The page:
Her output in 2009 was extensive. She appeared on Chick Corea's Duet, a two-disc live recording of a performance in Tokyo with pianist and mentor Chick Corea. Released in February on Concord, Duet was a collaboration by two artists from separate generations and cultures who transcend all boundaries to converse with each other with exuberance and passion. She also appeared on bassist Stanley Clarke's Jazz in the Garden, a May release on Heads Up International, a division of Concord Music Group. Jazz in the Garden also featured drummer Lenny White, and the synergy resulting from all three of these luminaries made for one of the most refreshing Stanley Clarke recordings in recent years.
In June 2009, she simultaneously released two concert DVDs, both recorded in Tokyo: Hiromi Live in Concert (recorded in December 2005) and Hiromi's Sonicbloom Live in Concert (recorded in December 2007). The former features the rhythm section of Grey and Valihora, while the latter includes Fiuczynski's incendiary fretwork.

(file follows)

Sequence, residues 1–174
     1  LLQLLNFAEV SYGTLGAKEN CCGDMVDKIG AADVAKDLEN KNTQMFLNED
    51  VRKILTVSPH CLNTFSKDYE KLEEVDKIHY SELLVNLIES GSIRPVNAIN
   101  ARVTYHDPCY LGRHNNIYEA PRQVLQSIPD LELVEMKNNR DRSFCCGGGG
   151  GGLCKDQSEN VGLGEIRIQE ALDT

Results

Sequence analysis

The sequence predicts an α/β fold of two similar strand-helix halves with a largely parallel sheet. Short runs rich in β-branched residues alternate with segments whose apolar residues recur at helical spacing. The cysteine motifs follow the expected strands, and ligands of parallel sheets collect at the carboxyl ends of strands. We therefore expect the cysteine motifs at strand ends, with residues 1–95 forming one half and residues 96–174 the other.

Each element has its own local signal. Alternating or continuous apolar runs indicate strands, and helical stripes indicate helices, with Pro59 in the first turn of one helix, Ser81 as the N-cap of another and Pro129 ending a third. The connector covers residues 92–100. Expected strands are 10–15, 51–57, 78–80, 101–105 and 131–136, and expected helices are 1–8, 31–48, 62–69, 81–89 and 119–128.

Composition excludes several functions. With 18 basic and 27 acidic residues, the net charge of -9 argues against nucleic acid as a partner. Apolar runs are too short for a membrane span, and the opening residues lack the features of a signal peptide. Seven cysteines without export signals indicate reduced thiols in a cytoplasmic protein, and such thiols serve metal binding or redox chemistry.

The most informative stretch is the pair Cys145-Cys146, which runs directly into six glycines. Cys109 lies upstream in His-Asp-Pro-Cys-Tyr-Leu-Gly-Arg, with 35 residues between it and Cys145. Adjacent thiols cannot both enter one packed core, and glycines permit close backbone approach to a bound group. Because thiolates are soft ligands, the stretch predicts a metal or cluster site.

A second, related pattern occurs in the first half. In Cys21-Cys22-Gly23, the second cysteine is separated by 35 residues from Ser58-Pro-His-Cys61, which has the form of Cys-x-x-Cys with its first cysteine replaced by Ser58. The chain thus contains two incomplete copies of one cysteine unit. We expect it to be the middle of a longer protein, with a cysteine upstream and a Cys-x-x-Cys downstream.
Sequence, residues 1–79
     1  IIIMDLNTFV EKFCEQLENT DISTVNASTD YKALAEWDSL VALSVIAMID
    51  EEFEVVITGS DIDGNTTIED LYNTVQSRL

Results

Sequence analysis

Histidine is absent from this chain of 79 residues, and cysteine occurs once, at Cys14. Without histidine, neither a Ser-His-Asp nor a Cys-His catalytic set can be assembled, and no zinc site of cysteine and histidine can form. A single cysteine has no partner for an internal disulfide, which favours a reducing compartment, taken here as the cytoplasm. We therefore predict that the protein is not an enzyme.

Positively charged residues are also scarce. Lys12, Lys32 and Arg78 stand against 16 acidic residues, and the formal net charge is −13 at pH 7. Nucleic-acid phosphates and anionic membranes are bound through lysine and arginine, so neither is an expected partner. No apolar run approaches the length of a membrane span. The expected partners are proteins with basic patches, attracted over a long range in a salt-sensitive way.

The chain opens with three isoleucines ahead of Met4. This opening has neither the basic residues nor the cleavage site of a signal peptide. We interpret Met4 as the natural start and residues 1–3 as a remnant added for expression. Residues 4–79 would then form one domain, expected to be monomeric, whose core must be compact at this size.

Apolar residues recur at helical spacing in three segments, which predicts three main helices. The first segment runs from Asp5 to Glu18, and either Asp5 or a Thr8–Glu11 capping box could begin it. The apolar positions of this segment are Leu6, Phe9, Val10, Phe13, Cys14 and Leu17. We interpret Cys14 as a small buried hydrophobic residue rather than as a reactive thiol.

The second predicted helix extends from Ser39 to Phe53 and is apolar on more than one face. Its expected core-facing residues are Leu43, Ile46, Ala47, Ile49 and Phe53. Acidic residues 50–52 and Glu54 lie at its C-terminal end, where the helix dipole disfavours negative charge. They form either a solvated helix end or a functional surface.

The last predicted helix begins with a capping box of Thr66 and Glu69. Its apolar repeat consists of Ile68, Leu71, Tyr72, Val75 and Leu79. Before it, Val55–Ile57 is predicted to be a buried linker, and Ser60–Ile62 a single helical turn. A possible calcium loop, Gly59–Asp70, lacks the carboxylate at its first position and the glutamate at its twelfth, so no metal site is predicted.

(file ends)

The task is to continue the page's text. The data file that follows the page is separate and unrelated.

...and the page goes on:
Hiromi scaled back to the solo piano setting – but sacrificed none of her innate energy or passion in the process – with A Place To Be. Released in Japan in September 2009 and in the U.S. in January 2010, A Place To Be was a musical travel journal of the many places around the world that have left an indelible impression on her creative sensibilities. Recorded just days before her thirtieth birthday in March 2009, it also represented a personal milestone. "I wanted to record the sound of my twenties for archival purposes," she says. "I felt like the people whom I met on the road during my twenties really helped me develop and mature as a musician and as a person. So in addition to making a record that represented all of these places that have inspired my music, I also wanted it to be a thank-you to those people."